Reasonable Doubt

Two jurors voted not to convict him. He’s still in prison 24 years later.

On a summer night in 1996, two people robbed an Applebee’s restaurant in northwestern Louisiana in the United States. The masked robbers held a manager and two workers at gunpoint and stole about $6,500 in cash and some gift certificates.

Bossier City Police images, 1996

Police accused Brandon Jackson - 24 years old at the time - of armed robbery. His trial was the following year. Brandon has always maintained his innocence.

Brandon Jackson, 1996

When a jury of 12 delivered its verdict in 1997, two jurors said Brandon was not guilty - but he was convicted. At the time, jury decisions in Louisiana did not have to be unanimous for felony convictions. Only 10 out of 12 had to agree.

Twenty-four years later, Brandon is still in prison.

Non-unanimous juries are no longer allowed anywhere in the US. In 2020, the Supreme Court ruled they were unconstitutional - rooted in the racist practice of silencing the voices of Black jurors. But the court later said states did not have to give people with final convictions new trials. Brandon, whose conviction is final, is fighting for his case to be heard again..

“It’s important to have a unanimous jury verdict because it is important to make sure that there are not reasonable doubts as to someone's guilt,” Jamila Johnson, managing attorney at The Promise of Justice Initiative, told Fault Lines.

“What sticks out with Brandon's case is ... that there are serious doubts as to guilt,” Johnson said.

There was no physical evidence linking Brandon to the robbery. A police investigator did not try to get fingerprints off the stolen money or the guns that were allegedly used, later saying at the trial that it had been a mistake.

Bossier City Police images, 1996

The state’s case rested largely on the testimony of Joseph Young - an Applebee’s employee who later admitted to conspiring in the robbery. He was hoping to get a lighter sentence in exchange for testifying against Brandon.

Trial transcript between the prosecutor and Joseph Young

At first, Young said he was not involved in the robbery but later recanted. It wasn’t the last time he changed his story. Fault Lines and The Lens obtained a recording of Young before the trial but after he had implicated Brandon. In it, Young tells Brandon’s lawyer he hadn’t recognised either robber. At trial, the tape was withheld from the jury, the judge ruling it would violate attorney-client privilege - even though Brandon’s lawyer never represented Young in the case.

Joseph Young claiming that none of the robbers looked like Brandon Jackson

Young even admitted to lying on the stand when Brandon’s lawyer questioned him at trial.

Trial transcript between Jackson's lawyer and Joseph Young

Young had testified that, despite one of the robber’s faces being covered by a ski mask, he was able to identify him as Brandon by his voice, eyes, and nose. No other witnesses identified Brandon.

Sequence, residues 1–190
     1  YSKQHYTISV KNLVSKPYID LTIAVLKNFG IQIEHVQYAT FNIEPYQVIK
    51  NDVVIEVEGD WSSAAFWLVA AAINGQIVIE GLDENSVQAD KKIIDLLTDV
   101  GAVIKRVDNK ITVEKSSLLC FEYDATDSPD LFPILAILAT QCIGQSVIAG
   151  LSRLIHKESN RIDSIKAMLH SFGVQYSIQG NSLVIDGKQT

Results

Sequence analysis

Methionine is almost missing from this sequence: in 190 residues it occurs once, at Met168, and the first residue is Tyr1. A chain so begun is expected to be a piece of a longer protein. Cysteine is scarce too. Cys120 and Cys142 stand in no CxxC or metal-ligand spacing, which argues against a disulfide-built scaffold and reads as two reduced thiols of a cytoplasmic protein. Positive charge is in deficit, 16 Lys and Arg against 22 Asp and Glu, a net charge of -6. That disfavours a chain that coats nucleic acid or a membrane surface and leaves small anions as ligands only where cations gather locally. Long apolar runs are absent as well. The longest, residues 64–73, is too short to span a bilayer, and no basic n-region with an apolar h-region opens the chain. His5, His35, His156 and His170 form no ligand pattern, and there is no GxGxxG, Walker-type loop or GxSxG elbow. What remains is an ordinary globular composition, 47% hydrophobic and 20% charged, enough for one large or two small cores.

The state had a few other witnesses to call to support its accusation.

A state witness named Ken Fuller - a friend of Brandon’s brother - testified that Brandon had been part of a discussion to plan the robbery at a friend’s house weeks before it happened. When cross-examined, Fuller admitted he was confused about Brandon’s exact role in the conversation and that he’d been smoking cannabis that day.

Illustration by Holli Glasson / Al Jazeera

Early in the morning after the robbery, a police officer said he saw Brandon arriving at the Applebee’s with his girlfriend. In his closing arguments, the prosecutor told the jury: “You’ve heard it a thousand times. The criminal always returns to the scene of the crime.”

Stacey Marks, a juror who voted to convict Brandon, told Fault Lines that this was a “telling fact” and that it was one of the main reasons she was convinced of his guilt.

A juror shares one reason she voted to convict Brandon Jackson

Another reason she voted to convict Brandon: his demeanour in court. “I remember Brandon made a lot of eye contact with the jurors and he seemed to be pretty sure of himself,” she said.

Illustration by Holli Glasson / Al Jazeera

Fault Lines and The Lens were able to confirm that both jurors who voted not to convict Brandon were Black.

Fault Lines and The Lens spoke to one of the two jurors - both Black - who voted not to convict Brandon. She could only speak on condition of anonymity because it could have a “negative effect” on her employment.

“No one was able to say that they knew it was Brandon … no one was able to say enough to convince me that they were sure that it was him,” she said.

When she made her doubt about Brandon’s guilt known to the other jurors, she said it was “blown down”.

State of Louisiana v Brandon Jackson jury votes

After the Civil War, white politicians in the US passed laws to restrict Black Americans’ newfound civil rights, including serving on juries. In 1898, Louisiana enacted non-unanimous juries with the explicit aim of “enshrining the supremacy of the white race”.

An excerpt from the proceedings of the Louisiana constitutional convention of 1898

At least 1,500 people who were convicted by non-unanimous juries remain imprisoned in Louisiana. The decision whether to revisit their cases or not rests with local prosecutors’ offices and judges.

The local district attorney where Brandon was tried initially told Fault Lines he would be open to looking into the case again, but later said his office stood by its motion to dismiss Brandon’s application in which he argues why he deserves a new trial.

Brandon is waiting for the judge’s decision.

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